If a sponsored worker is placed on the scheme and they are to be paid at a reduced rate, this will need to be reported in the usual way. At the moment, there is no indication that sponsors may pay a sponsored worker who has been placed on the scheme less than the current appropriate rate requirements for sponsored roles.
Can sponsors grant requests for general unpaid leave?
In addition to annual leave, sponsored workers have always been entitled to leave as outlined in paragraph 26.26 of the Sponsor Guidance (this covers maternity leave, sick leave etc. and associated reductions in pay). Sponsors have also always been allowed to permit sponsored workers to take up to four weeks’ unpaid leave during a calendar year.
The current Sponsor Guidance states that if a sponsored worker takes more time off on an unpaid basis, the sponsor must cease to sponsor the worker. The Home Office has confirmed that it is relaxing this for now and has stated that ‘sponsors do not need to withdraw sponsorship if they consider there are exceptional circumstances when an employee is absent from work without pay for four weeks or more’.
Can work hours and pay be reduced?
This has always been permitted providing the new rate is not below current appropriate rate requirements for sponsored roles and the role/hours otherwise meet the requirements set out in the Sponsor Guidance.
What if sponsored workers are made redundant?
In such cases, the sponsor would need to report the withdrawal of sponsorship in the usual manner. UKVI will then eventually curtail the sponsored worker’s leave to remain (usually to 60 days). If the sponsored worker is able to find a new role and sponsor that can issue a CoS, they will be able to apply for further leave to remain. If they are unable to do so, but are also unable to leave the UK, they should be able to benefit from the provisions set out here.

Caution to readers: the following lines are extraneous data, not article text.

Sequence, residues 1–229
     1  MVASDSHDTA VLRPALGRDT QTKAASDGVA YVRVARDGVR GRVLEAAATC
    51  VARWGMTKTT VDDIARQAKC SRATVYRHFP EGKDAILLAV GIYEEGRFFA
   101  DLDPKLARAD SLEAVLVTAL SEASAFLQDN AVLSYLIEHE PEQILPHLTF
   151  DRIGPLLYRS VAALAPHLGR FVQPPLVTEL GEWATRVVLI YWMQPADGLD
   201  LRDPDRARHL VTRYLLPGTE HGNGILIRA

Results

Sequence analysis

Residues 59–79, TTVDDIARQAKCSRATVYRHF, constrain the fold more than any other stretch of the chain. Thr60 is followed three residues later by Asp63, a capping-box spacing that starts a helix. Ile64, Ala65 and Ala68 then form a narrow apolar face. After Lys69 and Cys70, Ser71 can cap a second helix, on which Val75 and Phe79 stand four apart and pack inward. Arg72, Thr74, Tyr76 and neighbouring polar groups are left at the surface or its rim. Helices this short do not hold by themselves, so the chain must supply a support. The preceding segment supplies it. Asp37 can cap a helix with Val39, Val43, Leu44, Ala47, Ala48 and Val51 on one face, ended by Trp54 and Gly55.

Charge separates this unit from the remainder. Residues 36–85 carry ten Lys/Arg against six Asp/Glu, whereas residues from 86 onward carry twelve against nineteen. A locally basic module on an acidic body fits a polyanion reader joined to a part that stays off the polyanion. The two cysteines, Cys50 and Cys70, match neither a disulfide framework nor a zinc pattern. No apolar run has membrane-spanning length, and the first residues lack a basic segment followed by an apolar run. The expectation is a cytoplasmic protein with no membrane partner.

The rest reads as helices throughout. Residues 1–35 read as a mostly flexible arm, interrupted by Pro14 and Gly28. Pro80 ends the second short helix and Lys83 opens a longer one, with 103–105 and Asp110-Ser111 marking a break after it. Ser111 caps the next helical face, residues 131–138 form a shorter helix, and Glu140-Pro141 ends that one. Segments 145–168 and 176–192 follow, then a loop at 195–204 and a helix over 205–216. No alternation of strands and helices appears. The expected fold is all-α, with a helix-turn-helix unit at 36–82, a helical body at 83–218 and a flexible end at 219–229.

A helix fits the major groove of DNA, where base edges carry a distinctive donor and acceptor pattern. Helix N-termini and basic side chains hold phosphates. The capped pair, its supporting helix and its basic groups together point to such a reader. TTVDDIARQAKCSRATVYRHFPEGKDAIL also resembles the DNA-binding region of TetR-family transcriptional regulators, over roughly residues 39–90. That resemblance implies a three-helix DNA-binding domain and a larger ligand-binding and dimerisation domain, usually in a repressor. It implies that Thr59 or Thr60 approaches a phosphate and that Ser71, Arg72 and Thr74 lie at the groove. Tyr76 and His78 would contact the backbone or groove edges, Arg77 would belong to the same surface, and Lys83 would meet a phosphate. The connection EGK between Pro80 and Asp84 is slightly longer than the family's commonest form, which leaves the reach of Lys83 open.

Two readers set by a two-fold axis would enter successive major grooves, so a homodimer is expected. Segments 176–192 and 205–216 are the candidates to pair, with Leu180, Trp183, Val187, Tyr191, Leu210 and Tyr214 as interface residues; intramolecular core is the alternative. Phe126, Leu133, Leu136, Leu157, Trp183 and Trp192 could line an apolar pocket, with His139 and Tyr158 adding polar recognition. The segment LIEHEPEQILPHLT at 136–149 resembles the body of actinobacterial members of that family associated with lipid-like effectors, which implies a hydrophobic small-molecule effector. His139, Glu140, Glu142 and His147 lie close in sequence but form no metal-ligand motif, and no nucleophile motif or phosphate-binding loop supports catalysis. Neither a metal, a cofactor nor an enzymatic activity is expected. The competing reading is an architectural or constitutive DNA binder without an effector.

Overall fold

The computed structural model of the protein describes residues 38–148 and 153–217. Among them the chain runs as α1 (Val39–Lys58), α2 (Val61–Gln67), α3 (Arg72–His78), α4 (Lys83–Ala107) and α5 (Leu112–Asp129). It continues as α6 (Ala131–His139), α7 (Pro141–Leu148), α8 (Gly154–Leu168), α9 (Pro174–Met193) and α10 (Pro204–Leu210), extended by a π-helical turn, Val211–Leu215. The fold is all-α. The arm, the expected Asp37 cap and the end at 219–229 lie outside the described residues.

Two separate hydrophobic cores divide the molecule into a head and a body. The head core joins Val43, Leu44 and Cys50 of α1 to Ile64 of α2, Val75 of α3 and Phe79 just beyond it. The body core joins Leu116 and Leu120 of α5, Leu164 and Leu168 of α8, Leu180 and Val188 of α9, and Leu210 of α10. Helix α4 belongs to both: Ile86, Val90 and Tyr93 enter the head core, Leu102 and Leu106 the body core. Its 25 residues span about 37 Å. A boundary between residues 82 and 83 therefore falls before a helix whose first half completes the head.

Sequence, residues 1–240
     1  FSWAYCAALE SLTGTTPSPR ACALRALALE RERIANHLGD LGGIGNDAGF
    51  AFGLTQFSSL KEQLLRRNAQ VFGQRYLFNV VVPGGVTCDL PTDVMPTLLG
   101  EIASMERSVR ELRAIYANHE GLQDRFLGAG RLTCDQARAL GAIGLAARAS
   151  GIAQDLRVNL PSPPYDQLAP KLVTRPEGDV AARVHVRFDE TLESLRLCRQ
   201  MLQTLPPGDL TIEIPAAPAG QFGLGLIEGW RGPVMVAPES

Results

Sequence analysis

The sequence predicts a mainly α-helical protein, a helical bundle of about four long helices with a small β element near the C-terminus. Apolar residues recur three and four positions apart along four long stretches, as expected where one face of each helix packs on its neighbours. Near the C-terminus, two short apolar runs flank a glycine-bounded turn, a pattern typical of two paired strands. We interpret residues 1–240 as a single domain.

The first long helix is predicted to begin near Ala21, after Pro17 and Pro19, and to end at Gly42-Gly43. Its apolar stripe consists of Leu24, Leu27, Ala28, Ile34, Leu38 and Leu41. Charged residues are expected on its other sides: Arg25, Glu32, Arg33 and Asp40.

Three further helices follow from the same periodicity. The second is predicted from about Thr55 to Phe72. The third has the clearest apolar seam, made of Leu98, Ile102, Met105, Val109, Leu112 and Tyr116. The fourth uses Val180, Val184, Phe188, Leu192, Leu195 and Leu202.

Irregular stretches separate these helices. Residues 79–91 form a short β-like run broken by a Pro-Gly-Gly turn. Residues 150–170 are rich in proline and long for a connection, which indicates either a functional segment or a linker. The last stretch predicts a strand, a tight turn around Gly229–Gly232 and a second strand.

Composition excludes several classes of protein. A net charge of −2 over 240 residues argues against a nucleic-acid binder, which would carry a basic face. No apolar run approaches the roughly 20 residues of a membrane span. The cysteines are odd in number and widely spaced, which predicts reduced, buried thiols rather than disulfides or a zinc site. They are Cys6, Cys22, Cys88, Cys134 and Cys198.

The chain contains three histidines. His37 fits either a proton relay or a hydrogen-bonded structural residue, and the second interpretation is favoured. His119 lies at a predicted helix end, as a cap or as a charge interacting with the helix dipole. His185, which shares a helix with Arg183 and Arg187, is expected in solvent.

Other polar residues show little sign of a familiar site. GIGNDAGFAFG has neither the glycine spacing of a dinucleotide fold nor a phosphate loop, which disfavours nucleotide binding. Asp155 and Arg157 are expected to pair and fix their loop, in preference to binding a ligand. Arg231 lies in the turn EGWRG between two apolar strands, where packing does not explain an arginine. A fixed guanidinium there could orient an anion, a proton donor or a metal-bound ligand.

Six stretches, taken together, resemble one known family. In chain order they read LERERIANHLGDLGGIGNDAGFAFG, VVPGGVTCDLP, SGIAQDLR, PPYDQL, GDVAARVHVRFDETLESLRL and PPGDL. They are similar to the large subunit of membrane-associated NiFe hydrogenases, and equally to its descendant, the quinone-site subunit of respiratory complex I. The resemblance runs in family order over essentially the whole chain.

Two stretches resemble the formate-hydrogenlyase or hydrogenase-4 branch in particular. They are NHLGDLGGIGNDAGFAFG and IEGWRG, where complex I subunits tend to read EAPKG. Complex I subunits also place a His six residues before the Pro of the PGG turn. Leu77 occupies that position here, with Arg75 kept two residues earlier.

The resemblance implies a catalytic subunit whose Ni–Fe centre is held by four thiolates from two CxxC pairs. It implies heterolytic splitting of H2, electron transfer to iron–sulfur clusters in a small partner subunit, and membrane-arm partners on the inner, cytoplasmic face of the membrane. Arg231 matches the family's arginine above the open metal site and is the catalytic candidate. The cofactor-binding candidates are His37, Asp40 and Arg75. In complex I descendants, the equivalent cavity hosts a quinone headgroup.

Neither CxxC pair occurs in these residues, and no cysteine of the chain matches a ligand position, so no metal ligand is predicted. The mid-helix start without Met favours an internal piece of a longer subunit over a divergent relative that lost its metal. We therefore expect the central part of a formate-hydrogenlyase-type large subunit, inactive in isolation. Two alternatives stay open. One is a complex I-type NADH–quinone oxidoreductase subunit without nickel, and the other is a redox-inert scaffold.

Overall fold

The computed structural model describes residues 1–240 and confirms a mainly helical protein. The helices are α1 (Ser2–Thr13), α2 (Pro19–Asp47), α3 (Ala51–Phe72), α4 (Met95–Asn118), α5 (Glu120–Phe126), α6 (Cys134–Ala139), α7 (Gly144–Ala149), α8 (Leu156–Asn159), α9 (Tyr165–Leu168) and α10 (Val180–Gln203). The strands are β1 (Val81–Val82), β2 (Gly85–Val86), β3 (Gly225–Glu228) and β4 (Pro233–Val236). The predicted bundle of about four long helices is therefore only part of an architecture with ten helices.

Do sponsors need to keep a record of absences of sponsored workers?
Sponsors have always been required to keep a ‘record of migrant’s absences’ as referred to in Appendix D of the Sponsor Guidance.
What if the sponsored worker’s start date is delayed?
At the time of writing, the information we set out here has not been updated by the government. However, we would expect the Home Office to exercise discretion if the start date is delayed due to the pandemic.
Has the Home Office released any information to assist individuals who are unable to make an application from inside the UK, or are unable to leave the UK to make an application overseas, or are overseas needing to apply to come to the UK?
Yes, we have covered the information that has been provided to date here.
Do employers still need to perform right to work checks?
Yes, but where possible employers should use the online right to work process.
If this is not possible, we do not recommend that employers require anyone to come to work for a right to work check to be performed if this will breach social distancing rules.
Employers should instead do their best and perform right to work checks using video conferencing facilities. The Home Office has not yet confirmed that doing so will enable the employer to establish a statutory defence, if needed, but it would clearly be unreasonable for the Home Office to expect employers to flout social distancing rules.
Do employers still need to comply with employment legislation?
Yes. It is important that all decisions are taken in accordance with employment, and any other relevant, legislation.
There may also be significant reputational consequences for employers that do not act in an appropriate manner during the pandemic.
Are things likely to change?
This is an evolving situation. We have been told that the Home Office is working urgently to prepare guidance for sponsors regarding the numerous issues relating to the pandemic. However, it may be some time before they can complete this work.
In the meantime, sponsors should take reasonable and pragmatic decisions concerning issues that are directly related to the pandemic and we would recommend that the reason for decisions are noted. Evidence supporting decisions should be obtained and kept.
We will be updating our website as and when any further guidance is issued by the government which may be relevant for sponsors.
How we can assist
If you are looking for general information, please review the guidance provided by the government which we refer to above. The government has also set up a Coronavirus Immigration Help Centre and you can find the details at the bottom of the page here.
If you are seeking legal advice and assistance regarding a specific sponsor licence matter during this time, please complete our enquiry form below and one of our team will be in contact with you.